Solar Power isn't Feasible!

Solar Power isn't Feasible!
This cartoon was on the cover of the book "SolarGas" by David Hoye. It echoes the Sharp Solar slogan "Last time I checked nobody owned the sun!"

Sunday, March 2, 2008

Willingness to Pay for the Perfect Hot Water System?

When I began this thesis I was misled by data from the GTZ stating that up to 3/4 of the residents of the part of Manshiyat Nasser where I work had no hot water.

What they should have said was that 3/4 of the people had NO WATER HEATING "WHITE GOODS" , i.e., no appliances specifically and solely purchased for the purpose of heating water.

By saying that 75% of the poor had "no hot water" the authors of the report conjured up images of people shivering under a shower of freezing water in the winter or not bathing at all.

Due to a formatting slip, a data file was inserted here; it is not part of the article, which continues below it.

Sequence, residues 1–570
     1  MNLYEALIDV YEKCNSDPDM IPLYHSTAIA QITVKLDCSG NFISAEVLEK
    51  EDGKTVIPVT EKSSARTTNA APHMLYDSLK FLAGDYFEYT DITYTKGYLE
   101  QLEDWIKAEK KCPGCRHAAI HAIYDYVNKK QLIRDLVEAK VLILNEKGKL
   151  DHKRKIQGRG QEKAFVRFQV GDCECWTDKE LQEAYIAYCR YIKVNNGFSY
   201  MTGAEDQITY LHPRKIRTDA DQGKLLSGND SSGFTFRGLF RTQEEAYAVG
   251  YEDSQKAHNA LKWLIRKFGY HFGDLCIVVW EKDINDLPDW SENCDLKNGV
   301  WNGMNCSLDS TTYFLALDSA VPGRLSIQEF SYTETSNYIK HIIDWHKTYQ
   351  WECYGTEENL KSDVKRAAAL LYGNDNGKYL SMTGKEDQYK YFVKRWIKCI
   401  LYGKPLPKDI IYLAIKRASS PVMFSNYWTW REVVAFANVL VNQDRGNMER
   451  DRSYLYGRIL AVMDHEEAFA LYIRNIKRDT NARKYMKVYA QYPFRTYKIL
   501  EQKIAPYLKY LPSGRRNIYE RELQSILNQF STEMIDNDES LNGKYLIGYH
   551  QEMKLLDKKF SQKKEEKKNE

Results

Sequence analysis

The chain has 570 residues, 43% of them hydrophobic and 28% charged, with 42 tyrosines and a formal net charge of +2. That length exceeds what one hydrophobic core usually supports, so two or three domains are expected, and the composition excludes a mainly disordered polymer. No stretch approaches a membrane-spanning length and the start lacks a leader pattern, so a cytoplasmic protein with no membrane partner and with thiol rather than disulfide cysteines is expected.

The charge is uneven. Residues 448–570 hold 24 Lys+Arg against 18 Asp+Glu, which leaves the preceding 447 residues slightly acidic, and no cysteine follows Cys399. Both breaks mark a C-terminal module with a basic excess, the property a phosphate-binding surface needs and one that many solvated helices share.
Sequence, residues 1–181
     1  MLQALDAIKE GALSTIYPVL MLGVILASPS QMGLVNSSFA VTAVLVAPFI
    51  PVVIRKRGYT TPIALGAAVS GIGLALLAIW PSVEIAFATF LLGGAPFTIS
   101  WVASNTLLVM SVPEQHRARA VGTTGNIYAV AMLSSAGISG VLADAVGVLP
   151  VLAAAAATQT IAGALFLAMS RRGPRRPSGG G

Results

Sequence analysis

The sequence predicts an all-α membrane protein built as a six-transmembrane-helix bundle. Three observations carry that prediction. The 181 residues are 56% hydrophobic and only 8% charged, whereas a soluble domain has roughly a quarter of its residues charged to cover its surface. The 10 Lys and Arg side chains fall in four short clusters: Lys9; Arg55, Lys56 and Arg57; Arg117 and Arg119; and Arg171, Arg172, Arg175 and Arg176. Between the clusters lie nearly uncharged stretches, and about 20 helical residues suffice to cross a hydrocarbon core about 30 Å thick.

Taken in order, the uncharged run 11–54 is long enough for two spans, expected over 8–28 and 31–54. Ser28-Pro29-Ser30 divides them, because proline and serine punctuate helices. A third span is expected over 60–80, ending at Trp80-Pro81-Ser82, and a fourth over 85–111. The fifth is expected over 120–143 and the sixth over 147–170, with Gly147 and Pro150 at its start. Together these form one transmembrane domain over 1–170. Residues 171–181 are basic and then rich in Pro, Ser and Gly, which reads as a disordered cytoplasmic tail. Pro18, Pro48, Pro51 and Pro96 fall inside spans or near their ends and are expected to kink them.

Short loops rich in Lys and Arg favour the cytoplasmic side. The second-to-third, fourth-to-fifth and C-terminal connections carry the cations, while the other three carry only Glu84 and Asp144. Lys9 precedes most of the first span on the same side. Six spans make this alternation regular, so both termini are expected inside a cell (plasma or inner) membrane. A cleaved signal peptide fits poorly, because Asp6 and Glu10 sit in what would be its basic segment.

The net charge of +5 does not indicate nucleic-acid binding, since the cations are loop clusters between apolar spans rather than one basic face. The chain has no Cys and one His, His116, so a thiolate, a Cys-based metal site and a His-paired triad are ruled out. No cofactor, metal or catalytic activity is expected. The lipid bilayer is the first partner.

Because I have been raised a privileged westerner, like most of the people who frame the experiences of the underprivileged and set the terms of their discourse with the world of power, my understanding of human needs and wants was constrained by my own narrow experience and limited imagination. I had grown accustomed to bathing by either immersing myself in a tub filled with hot water or standing under the luxuriating spray of heated water in what we call "a shower"; I gained experience with the idea of ladling cold water over myself in the bathroom every morning when I lived in Indonesia and took "Mandis"; there it was a cultural practice that was even found in the homes of the well-to-do. I hated it, however, just as I hated bathing in the icy river when I worked in the rainforest for a year, especially in the mornings when it was still quite chilly. On one trip to stay with my friends the Samsoedins in Bogor I even brought a product with me from California called a "solar shower" (a five gallon reinforced black plastic bag with a shower head attachment and a foot pump for water pressure); I had to wait until 11:00 am to bathe, by which time it was warm enough to use cold water anyway, but I was addicted to the feeling of hot water pouring over me. Something about cold water running down my back makes me shiver both figuratively and literally.